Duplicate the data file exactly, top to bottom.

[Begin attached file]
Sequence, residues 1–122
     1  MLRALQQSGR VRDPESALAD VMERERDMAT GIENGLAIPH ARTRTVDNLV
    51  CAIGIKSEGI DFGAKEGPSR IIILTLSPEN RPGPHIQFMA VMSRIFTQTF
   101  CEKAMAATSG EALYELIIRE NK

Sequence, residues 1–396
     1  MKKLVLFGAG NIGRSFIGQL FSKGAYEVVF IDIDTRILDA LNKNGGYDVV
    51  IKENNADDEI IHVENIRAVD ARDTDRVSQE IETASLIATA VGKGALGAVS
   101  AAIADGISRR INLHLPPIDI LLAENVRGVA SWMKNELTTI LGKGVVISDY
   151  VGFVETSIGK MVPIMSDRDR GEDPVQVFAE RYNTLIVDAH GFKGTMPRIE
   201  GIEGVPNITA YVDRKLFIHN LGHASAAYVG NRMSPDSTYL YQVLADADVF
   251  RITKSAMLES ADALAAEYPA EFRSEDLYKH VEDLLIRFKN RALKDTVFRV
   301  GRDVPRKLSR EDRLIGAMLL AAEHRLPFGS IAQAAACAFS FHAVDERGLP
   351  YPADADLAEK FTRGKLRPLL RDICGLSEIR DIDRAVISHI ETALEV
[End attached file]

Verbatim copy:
Sequence, residues 1–122
     1  MLRALQQSGR VRDPESALAD VMERERDMAT GIENGLAIPH ARTRTVDNLV
    51  CAIGIKSEGI DFGAKEGPSR IIILTLSPEN RPGPHIQFMA VMSRIFTQTF
   101  CEKAMAATSG EALYELIIRE NK

Sequence, residues 1–396
     1  MKKLVLFGAG NIGRSFIGQL FSKGAYEVVF IDIDTRILDA LNKNGGYDVV
    51  IKENNADDEI IHVENIRAVD ARDTDRVSQE IETASLIATA VGKGALGAVS
   101  AAIADGISRR INLHLPPIDI LLAENVRGVA SWMKNELTTI LGKGVVISDY
   151  VGFVETSIGK MVPIMSDRDR GEDPVQVFAE RYNTLIVDAH GFKGTMPRIE
   201  GIEGVPNITA YVDRKLFIHN LGHASAAYVG NRMSPDSTYL YQVLADADVF
   251  RITKSAMLES ADALAAEYPA EFRSEDLYKH VEDLLIRFKN RALKDTVFRV
   301  GRDVPRKLSR EDRLIGAMLL AAEHRLPFGS IAQAAACAFS FHAVDERGLP
   351  YPADADLAEK FTRGKLRPLL RDICGLSEIR DIDRAVISHI ETALEV